This thesis brings together two responses to the question ‘how can the law extend the timeframe for environmentally relevant decision-making?’ The first response is drawn from the context of institutional investment, and addresses the timeframe and breadth of environmental considerations in pension fund investment decision-making. The second response is related to the context of public environmental decision-making by legislators, the judiciary, and administrators. Three themes underlie and bind the thesis: the challenges to decision-making posed by the particular temporal and spatial characteristics of environmental problems, the existence and effects of short-termism in a variety of contexts, and the legal notion of the trust as a means for analysing and addressing problems of a long-term or intergenerational nature.
These themes are borne out in each of the four substantive chapters. Chapter III sets out to demonstrate the theoretical potential of pension funds to drive the reduction of firms’ environmental impact, and, focusing particularly on the notion of fiduciary duty, explores the barriers that stand in their way. Chapter IV provides a practical application of the theoretical recommendations outlined in its predecessor. It provides a framework outlining how pension funds might implement a longer term, more sustainable approach to investing.
The second half of the thesis, operating in the context of public environmental decision-making, is centred upon a particularly poignant legal notion with respect to the environment and time: the concept of intergenerational equity. Just as the first half of the thesis deals with the timeframes relevant to investment decision-making by pension funds within the bounds of fiduciary duty, largely a private law affair with public implications, the second half of the thesis is concerned with the principle of intergenerational equity as a means for extending the decision-making timeframe of legislative, judicial and administrative decision-makers. As previous analyses of the concept of intergenerational equity provide little insight into its practical implications when applied to particular factual situation, Chapter V sets out the structure of the principle of intergenerational equity as revealed by case law. Chapter VI brings together the issues from the first three papers by conceptualising intergenerational equity in resource management as an issue of long-term investment.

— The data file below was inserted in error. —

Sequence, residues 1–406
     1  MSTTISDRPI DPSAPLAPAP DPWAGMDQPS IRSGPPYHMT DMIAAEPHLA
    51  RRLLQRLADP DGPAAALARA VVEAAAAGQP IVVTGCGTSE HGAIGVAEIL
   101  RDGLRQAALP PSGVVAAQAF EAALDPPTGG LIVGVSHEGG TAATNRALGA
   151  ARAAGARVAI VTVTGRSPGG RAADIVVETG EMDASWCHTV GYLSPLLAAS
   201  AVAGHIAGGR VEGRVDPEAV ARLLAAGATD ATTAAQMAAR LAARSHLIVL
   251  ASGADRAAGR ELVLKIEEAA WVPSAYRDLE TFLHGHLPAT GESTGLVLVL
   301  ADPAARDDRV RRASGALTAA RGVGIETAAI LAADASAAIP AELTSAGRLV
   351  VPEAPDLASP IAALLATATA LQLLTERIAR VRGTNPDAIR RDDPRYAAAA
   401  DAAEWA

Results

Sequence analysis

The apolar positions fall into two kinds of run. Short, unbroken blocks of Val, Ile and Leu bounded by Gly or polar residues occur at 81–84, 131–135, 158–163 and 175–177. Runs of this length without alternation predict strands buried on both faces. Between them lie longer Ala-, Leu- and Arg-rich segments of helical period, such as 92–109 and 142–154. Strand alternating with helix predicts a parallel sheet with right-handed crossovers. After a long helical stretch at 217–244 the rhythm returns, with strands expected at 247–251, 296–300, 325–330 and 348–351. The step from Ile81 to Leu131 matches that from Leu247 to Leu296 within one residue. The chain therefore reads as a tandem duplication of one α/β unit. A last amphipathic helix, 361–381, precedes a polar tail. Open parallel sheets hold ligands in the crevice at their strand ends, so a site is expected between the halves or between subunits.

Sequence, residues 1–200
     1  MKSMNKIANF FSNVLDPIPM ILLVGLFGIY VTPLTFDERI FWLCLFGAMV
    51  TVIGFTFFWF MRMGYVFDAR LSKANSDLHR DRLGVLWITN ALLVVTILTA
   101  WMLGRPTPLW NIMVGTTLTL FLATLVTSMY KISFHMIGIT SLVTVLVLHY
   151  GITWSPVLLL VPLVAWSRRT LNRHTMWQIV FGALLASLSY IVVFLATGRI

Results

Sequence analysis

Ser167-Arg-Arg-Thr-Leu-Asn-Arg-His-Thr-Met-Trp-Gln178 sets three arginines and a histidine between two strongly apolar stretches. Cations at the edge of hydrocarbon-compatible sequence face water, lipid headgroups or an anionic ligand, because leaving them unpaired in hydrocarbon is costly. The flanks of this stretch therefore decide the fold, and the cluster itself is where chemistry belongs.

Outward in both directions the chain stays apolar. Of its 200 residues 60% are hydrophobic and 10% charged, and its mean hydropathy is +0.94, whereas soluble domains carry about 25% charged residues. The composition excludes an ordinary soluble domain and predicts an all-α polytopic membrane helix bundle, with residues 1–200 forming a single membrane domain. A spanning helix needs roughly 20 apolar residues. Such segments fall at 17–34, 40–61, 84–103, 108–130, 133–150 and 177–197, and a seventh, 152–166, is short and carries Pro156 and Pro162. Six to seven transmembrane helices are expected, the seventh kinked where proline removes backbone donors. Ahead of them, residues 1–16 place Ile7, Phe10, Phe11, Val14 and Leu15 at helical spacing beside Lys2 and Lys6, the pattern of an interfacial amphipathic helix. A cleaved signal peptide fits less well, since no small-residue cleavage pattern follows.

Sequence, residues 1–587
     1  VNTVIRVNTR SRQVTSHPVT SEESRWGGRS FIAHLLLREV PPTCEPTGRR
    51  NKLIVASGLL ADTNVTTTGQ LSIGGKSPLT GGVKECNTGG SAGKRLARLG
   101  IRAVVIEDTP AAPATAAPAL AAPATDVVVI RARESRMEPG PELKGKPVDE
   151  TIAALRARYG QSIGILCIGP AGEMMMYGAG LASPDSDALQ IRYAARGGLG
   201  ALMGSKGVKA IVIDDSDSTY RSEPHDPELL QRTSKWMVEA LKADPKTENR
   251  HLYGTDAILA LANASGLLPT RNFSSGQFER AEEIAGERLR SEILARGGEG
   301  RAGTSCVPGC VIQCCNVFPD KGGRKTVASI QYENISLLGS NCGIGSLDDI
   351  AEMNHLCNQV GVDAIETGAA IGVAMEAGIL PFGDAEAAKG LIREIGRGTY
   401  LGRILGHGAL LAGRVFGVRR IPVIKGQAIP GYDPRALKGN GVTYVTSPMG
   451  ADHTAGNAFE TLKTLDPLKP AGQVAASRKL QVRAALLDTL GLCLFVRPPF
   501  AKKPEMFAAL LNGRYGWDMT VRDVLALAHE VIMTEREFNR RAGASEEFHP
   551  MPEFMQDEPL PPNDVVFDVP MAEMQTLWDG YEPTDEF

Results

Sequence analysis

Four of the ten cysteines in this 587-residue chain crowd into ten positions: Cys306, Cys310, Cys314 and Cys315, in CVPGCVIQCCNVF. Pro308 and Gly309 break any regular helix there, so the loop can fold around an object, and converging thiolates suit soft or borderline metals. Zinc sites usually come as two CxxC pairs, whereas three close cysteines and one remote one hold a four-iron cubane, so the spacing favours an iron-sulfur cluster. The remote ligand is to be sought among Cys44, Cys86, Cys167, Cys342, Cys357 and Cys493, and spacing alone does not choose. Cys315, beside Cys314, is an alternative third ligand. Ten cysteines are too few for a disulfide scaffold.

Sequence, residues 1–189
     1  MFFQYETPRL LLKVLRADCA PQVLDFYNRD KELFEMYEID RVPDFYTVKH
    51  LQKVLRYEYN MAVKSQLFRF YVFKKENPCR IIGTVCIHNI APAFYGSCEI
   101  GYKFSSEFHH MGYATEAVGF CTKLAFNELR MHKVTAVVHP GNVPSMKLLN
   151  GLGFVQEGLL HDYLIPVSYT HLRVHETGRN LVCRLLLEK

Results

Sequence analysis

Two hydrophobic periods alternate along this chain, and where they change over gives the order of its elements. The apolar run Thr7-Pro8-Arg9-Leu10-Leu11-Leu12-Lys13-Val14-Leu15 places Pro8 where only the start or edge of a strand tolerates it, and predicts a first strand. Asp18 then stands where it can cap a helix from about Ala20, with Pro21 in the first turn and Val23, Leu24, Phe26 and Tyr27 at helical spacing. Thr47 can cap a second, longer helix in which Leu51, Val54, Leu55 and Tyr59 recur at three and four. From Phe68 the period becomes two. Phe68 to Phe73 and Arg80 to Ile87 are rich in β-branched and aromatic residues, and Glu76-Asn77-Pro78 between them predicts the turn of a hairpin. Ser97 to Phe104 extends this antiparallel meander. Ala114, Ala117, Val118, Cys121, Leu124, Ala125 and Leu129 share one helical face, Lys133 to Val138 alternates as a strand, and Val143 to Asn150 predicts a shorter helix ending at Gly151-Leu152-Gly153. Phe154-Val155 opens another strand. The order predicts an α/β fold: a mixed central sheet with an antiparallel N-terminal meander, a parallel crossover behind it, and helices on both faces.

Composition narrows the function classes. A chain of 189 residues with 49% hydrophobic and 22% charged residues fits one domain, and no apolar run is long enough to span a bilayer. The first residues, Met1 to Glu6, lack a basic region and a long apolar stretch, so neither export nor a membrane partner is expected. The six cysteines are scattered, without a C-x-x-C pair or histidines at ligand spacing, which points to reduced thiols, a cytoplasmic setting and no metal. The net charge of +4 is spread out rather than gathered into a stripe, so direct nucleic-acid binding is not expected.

Long-term environmental decision-making faces many obstacles. Individual behavioural biases, short-term financial incentive structures, the myopic pressures of the electoral cycle and the tendency of the common law to reinforce the (often shorttermist) status quo all present significant barriers to the capacity of both private and public decision-makers to act in ways that favour the longer term interests of the environment. Nonetheless, this thesis argues that there is reason for hope: drawing upon the three themes that underlie all of the substantive Chapters, it articulates potential legislative changes and recommends the adoption of particular governance structures to overcome barriers to long-term environmental decision-making.
The last three years in Oxford have been wonderful. For this I have several people to thank. I would like to thank my fiancé, Michael Molinari, for being so good to me from start to finish, through ups and downs (as he always is). I would like to thank my supervisor, Professor Gordon Clark, for his expert guidance, for his openness, and for the many opportunities that he has given me. I would like to thank those who have given me advice on my work, especially Roger Urwin, Professor Benjamin Richardson, Professor Jim Hawley and Professor Edith Brown Weiss.
I am indebted to my friends here at Oxford, whose help and companionship have made my time here all the more worthwhile, in particular Harriet Gee, Caitlin McElroy, Victoria Mason, Fabiola Alvarado Revilla, Lena Koever, Joe Gerlach, Eric Knight, Angela Cummine and Brett Tully and to the Oxford community of untamed Australians more generally – and of course to my parents and my sisters, Kitty and Hannah.
Finally, this thesis would not have been possible without the financial support of the Clarendon Scholarship.
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